During 1999, UNHCR will also concentrate its efforts on finding durable solutions for most residents of collective centres in Bosnia and Herzegovina. This will involve integrating those residents into supportive communities, based on detailed surveys of areas of displacement and return options.

Protection and solutions

UNHCR has taken the lead in promoting legislative reform relating to displacement, return and repatriation, citizenship and asylum, in cooperation with the Council of Europe and the Office of the High Representative. Its protection programmes are aimed at raising awareness of human rights issues among government authorities, lawyers and the general public. In particular, UNHCR works closely with other organizations and with the authorities to promote return opportunities and create a legal and administrative framework conducive to return. The latter activity includes removing obstacles to return and monitoring returnees, both to prevent human rights abuses and to ensure sustainable return. A network of Legal Advice Centres, operated by local and international NGOs, is maintained with UNHCR support. These centres provide information on the availability of essential services and entitlements and offer legal advice to persons of UNHCR's concern regarding citizenship, property, legal documents, passports and asylum laws.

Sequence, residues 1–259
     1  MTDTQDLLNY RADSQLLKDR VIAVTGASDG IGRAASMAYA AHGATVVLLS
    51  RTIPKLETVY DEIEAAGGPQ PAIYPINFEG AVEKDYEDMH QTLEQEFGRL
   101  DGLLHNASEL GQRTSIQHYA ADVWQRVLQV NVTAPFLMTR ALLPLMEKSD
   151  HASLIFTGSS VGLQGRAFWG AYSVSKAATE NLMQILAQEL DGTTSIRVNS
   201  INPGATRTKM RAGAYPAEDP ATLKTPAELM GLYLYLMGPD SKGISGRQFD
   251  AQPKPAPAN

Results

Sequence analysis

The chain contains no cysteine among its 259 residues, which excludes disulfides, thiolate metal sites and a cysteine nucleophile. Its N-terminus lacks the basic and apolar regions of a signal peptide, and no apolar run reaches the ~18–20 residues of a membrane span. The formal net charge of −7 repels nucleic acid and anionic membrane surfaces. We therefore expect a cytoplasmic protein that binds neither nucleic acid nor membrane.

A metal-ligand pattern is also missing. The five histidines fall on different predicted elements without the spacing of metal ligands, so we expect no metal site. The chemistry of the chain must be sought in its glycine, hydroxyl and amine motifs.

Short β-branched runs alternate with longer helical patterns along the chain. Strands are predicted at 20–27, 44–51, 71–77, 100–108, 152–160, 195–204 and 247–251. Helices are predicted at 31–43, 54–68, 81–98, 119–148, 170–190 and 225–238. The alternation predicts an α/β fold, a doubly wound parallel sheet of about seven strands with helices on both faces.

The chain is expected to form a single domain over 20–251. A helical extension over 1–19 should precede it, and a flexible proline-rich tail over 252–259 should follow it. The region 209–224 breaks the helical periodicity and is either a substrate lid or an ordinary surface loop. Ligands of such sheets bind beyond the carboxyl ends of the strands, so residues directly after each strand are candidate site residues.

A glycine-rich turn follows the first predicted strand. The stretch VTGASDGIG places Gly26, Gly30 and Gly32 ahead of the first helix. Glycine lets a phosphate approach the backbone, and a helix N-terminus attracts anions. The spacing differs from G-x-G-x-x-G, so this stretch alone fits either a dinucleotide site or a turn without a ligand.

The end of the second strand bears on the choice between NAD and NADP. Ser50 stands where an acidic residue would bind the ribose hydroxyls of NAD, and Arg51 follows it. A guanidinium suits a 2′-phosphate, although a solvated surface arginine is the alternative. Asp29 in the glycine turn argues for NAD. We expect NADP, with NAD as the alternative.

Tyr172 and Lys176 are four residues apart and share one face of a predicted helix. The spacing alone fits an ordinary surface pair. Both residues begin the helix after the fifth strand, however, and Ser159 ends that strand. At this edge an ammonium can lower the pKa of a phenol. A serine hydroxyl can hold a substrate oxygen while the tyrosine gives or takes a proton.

UNHCR also offers orientation and training to local authorities in human rights, refugee and returnee issues.


Since late 1996, the Bosnian Women's Initiative (BWI) has developed into a country-wide grass-roots programme. More than 290 projects have been implemented for war-affected Bosnian women, their families and communities. In 1999, the BWI will work with women in their communities, while also encouraging the full participation of women at all levels of society. The BWI supports projects that are self-sustaining after initial funding, are innovative and serve as models for other women's groups, and in which the intended beneficiaries are involved in the planning and design. Highest priority is given to projects which promote minority return and reintegration, community dialogue and reconciliation, freedom of movement and the restoration of civil society. While continuing to target a majority of women, the programme will expand in 1999 to encompass all members of a given community.